Thursday, May 8, 2014

What's in the Box?

     Last week I posted about my trip to North Carolina to pick up an artifact for my museum.  This week I’ll finally tell you about the artifact! 

No, this isn’t the artifact!  It was made by the artifact’s owner to protect and store it.  You can probably guess that it belonged to a Civil War soldier named Mason Myers.  Do you have any ideas about what could be in this box?  Maybe a little more information will help…. 

     Private Mason Myers was a Union soldier from Orwell, New York.  He enlisted in September of 1861 at the age of 19 years.  His enlistment papers list him as being a farmer.  He was 5’8” tall, with a light complexion, dark eyes, and light hair.  He served with the 24th New York Infantry, and later with the 76th New York Infantry.  He was wounded in action during the Battle of Bull Run in 1862 and also during the Battle of Gettysburg in 1863.  He was discharged for disability in September 1864.

This undated photo shows a uniformed Mason Myers (right) with his brother-in-law Robert Armstrong.  I can say for certain that this image was taken before he was  wounded at the Battle of Gettysburg though.    Image from the “76th NY Roster” at

     By now, you probably have a good idea about what is contained in the box.  Private Myers was shot in the right leg on the first day of the Battle of Gettysburg, and his leg subsequently had to be amputated.  Afterwards, he needed a prosthetic leg.  

This is the wooden peg leg which is said to have belonged to Mason Myers.

     The U.S. government did have a program which supplied the Union veterans with prosthetic legs.  Mason Myers received an articulated prosthetic leg, which would have looked more like a real leg, through this program in 1864.  He may have used this peg leg before he was fitted for his government leg, or he could have simply preferred using a peg leg.  There were some Civil War veterans who were not satisfied with the articulated legs and chose to use peg legs instead.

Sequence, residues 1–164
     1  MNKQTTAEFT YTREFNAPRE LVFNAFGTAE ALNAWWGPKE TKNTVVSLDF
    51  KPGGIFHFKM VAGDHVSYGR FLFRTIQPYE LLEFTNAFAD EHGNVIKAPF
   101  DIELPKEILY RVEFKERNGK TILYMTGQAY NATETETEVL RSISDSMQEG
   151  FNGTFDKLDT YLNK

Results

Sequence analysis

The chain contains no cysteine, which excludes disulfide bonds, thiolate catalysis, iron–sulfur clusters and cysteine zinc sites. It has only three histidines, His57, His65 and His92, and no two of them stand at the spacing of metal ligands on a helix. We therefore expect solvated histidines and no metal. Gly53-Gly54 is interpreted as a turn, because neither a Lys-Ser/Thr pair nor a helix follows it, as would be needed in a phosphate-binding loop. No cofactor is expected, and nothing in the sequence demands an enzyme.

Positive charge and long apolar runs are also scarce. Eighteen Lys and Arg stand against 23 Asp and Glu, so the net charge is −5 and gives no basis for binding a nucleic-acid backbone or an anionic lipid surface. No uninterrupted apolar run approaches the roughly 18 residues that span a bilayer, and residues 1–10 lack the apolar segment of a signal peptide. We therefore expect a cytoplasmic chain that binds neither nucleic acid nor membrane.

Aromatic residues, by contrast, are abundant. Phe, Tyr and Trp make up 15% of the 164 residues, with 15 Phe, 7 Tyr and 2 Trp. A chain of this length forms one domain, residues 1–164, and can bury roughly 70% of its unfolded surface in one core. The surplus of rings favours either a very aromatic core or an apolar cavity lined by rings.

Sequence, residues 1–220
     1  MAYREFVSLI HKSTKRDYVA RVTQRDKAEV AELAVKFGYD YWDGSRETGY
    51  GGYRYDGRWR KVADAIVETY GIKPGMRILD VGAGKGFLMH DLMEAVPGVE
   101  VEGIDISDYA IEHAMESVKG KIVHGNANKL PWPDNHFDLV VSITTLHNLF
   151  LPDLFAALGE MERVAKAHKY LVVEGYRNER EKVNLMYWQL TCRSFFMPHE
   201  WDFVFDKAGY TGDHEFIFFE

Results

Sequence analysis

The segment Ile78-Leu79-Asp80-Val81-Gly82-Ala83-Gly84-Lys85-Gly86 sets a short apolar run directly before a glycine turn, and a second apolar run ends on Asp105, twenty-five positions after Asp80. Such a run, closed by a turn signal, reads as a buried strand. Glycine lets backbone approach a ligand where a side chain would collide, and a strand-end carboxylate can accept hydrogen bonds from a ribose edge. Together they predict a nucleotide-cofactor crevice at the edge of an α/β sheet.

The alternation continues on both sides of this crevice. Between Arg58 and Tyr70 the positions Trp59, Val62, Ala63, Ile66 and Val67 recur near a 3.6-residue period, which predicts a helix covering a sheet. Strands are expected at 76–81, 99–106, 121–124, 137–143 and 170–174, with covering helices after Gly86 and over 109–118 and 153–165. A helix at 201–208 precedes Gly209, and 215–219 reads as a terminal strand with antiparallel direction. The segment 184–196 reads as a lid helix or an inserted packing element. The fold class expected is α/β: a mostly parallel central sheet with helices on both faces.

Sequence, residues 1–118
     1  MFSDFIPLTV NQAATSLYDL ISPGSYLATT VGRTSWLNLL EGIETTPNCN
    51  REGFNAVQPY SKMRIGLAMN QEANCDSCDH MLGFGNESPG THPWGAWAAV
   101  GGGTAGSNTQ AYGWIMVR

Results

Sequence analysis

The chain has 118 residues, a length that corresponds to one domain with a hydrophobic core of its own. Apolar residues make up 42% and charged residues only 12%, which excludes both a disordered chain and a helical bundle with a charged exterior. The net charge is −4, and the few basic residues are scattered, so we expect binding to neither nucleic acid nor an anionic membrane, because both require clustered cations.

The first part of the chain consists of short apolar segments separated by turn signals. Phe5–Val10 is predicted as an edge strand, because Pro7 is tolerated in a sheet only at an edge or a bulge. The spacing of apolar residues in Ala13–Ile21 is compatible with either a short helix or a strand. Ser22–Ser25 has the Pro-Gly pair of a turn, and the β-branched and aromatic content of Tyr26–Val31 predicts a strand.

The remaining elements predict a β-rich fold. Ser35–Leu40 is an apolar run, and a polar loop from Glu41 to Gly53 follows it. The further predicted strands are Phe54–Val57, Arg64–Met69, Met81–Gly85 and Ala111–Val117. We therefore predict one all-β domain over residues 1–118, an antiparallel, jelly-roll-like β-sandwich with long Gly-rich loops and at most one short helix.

A slightly closer view of the peg leg shows the leather straps which held it in place.  These could have attached to a shoulder strap or belt to keep it in place.  You can also see a bit of the edge of the cloth padding for the interior at the very top of the leg. 
     There’s an interesting story about how Mason Myers coped with one aspect of being an amputee:

This image shows Mason Myers (left) and his brother-in-law (right) in 1910.  You can see that they are both wearing peg legs.  This isn’t the same peg leg though.  The caption with the photo reads, “Syracuse New York, June 21, 1910 – Three comrades from Orwell, Oswego County, here in the G.A.R. encampment are M.S. Myers, A.J. Potter, and Robert Armstrong, life-long friends and members of Post No. 387.  Comrades Myers and Armstrong are brothers-in-law and both were wounded in the battle of Gettysburg.  The former lost his right leg and the latter his left leg.  They are neighbors and wear shoes of the same size.  Now, when their footwear gives out, they buy one pair of shoes between them and Mr. Myers wears the right and Mr. Armstrong the left.”    Photo taken from the 1962 edition of the Oswego County Historical Society Journal.

     This peg leg is on loan to the National Museum of Civil War Medicine from Gene and Carol Carmney of Marion, North Carolina.  We are grateful to them for the opportunity to study and display it.  We are working on an arrangement to eventually purchase this peg leg, so that it will become a part of the NMCWM’s permanent collection.  Watch for it to be put out on display in the very near future! 

Thank you Gene & Carol – you’ve helped to share the story of Mason Myers and his peg leg!

Photos courtesy of the National Museum of Civil War Medicine, except where otherwise noted.

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